Watch: This Is Why Biden’s $2 Trillion Infrastructure Plan Will Fail
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In 1608, a Portuguese warlord named Filipe de Brito e Nicote was causing trouble near Myanmar and attempted to steal the Great Bell of Dhammazedi from the Golden Pagoda in what is now, Yangon.
This was no ordinary bell however. According to researchers, the bell weighed approximately 270-tons and is said to be the largest ever cast.
de Brito was successful in getting it out of the pagoda and on to a raft, however as they were crossing the confluence of the Bago and Yangon Rivers, the raft broke apart and its enormous cargo sank to the bottom of the muddy river.
The Burmese didn’t take too kindly to the theft of their precious bell and after catching up with de Brito 5 years later, they impaled him on a wooden stake.
The bell has never been recovered and after over 400 years, likely sits under about 25 feet of mud.
After many fruitless attempts to find the bell, salvors are giving it another try today with the support of Burmese businessman Win Myint and 70+ divers.
According to an AP report, Myint is predicting success with his team of locals who have an uncanny ability to hold their breath for a really long time, however no mention was made of the use of side-scanning sonar or other technology that would almost certainly be a necessity for such a project.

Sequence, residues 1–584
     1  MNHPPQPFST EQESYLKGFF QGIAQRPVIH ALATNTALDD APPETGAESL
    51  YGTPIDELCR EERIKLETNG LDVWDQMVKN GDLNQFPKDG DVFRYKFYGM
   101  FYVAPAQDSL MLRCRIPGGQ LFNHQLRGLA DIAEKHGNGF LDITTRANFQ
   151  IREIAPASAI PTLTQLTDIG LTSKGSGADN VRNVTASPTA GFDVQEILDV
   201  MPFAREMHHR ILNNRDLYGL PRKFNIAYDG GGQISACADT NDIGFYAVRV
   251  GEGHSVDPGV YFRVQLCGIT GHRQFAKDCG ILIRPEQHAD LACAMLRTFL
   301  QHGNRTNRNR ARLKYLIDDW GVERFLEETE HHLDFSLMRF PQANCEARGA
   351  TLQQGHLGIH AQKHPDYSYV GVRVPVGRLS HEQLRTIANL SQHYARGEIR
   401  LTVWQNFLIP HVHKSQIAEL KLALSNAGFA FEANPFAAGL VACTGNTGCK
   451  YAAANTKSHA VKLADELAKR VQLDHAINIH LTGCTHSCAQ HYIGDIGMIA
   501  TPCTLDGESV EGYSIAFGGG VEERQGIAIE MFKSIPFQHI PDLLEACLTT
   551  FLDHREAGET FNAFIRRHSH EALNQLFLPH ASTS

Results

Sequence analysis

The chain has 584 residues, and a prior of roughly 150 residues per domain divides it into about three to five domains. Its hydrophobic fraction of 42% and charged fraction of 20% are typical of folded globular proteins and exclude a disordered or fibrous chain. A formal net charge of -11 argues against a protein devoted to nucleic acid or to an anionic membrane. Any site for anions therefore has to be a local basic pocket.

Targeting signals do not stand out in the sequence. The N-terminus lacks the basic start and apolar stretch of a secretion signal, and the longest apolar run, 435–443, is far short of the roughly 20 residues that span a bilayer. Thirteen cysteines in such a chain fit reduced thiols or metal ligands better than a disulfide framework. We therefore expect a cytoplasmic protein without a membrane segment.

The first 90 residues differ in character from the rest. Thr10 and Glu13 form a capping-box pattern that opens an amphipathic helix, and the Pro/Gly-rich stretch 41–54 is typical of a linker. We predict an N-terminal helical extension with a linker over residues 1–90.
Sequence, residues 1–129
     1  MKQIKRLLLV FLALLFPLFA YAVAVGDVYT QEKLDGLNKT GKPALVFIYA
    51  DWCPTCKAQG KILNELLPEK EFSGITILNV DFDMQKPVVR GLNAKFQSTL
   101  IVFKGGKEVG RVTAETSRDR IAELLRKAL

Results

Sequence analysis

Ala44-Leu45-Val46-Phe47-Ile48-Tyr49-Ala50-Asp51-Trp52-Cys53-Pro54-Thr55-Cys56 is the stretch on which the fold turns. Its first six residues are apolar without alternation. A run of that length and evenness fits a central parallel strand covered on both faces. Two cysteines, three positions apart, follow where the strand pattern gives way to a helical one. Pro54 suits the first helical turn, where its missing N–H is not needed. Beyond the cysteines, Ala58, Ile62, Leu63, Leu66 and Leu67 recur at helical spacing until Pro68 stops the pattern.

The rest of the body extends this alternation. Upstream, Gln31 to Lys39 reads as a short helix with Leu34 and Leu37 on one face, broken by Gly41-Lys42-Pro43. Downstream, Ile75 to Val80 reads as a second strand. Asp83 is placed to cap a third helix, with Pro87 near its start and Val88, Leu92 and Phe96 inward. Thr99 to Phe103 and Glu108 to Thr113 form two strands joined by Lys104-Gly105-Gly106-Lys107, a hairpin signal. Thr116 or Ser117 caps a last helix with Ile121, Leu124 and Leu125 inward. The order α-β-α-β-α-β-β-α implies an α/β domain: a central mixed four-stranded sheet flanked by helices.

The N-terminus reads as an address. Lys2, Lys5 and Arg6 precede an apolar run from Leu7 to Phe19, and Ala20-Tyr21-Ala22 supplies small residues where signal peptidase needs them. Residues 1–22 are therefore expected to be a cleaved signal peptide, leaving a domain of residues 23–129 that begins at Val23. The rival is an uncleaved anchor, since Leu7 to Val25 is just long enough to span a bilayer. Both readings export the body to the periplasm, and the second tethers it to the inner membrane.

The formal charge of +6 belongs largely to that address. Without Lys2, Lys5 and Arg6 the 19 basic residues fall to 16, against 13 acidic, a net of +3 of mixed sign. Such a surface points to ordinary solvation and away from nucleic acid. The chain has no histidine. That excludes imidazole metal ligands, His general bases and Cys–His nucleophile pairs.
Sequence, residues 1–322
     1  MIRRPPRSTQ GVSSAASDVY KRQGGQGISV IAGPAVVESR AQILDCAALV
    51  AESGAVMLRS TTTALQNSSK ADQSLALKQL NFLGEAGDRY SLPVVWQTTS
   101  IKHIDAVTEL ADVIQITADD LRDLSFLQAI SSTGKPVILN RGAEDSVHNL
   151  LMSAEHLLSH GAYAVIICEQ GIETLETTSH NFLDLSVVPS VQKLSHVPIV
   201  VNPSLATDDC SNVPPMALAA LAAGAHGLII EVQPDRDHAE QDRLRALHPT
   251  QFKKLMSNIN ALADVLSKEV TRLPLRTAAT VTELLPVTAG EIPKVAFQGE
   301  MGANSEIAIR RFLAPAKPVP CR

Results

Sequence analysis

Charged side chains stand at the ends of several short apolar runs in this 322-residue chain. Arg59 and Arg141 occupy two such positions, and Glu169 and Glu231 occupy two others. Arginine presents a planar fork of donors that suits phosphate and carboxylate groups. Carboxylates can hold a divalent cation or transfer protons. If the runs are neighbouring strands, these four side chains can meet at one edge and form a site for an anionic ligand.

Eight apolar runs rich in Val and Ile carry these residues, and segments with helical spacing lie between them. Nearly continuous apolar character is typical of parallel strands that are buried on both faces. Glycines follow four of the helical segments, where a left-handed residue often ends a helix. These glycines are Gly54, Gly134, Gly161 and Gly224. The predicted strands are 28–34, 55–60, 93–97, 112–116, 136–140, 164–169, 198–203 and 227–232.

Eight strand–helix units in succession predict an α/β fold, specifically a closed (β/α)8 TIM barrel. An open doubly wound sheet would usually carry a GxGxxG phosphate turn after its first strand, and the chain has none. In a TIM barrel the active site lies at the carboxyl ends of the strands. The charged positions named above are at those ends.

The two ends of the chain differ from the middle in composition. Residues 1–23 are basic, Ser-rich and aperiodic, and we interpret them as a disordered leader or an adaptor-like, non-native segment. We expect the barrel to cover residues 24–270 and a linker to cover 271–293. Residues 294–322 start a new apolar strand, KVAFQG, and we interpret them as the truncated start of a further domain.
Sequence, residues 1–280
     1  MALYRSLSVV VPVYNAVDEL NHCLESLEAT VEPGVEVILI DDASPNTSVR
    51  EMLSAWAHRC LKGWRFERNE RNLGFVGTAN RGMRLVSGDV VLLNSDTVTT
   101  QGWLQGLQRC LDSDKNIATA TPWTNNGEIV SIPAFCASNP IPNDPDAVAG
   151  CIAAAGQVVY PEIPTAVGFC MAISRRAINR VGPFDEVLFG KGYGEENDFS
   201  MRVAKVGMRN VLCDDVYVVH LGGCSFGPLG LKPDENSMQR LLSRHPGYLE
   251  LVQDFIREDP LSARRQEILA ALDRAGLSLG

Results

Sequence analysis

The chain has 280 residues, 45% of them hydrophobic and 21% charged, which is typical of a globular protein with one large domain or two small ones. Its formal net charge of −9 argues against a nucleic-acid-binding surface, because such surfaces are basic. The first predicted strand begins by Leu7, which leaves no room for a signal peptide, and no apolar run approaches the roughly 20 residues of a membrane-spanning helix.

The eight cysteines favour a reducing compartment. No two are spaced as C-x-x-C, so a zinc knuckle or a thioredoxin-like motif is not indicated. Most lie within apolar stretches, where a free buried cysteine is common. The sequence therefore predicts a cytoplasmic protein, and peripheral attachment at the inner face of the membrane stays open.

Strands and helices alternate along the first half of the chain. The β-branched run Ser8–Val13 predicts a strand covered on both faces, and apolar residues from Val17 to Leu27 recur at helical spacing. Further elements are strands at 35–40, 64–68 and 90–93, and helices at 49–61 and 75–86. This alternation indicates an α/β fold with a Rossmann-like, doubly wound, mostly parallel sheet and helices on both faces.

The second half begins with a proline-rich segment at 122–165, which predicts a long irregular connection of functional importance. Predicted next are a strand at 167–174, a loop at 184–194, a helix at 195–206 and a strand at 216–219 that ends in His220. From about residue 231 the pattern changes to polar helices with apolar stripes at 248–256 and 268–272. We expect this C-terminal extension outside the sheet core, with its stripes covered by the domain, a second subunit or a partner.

Hooked on to a remotely operated vehicle (ROV), this sonar would allow salvors to see through the opaque muddy water and distinguish with extreme resolution, what exactly was on the bottom of that river, according to a recent conversation with Patrick Donovan, Principal at Meridian Ocean Services. With a fleet of kitted-out ROVs, his company specializes in the use of such technology to survey underwater structures such as pipelines, oil and gas platforms and ship’s hulls.
“Even in the murkiest of waters, the technology we use can see right through it while completely mitigating the safety aspect of having a diver in the water,” notes Donovan.
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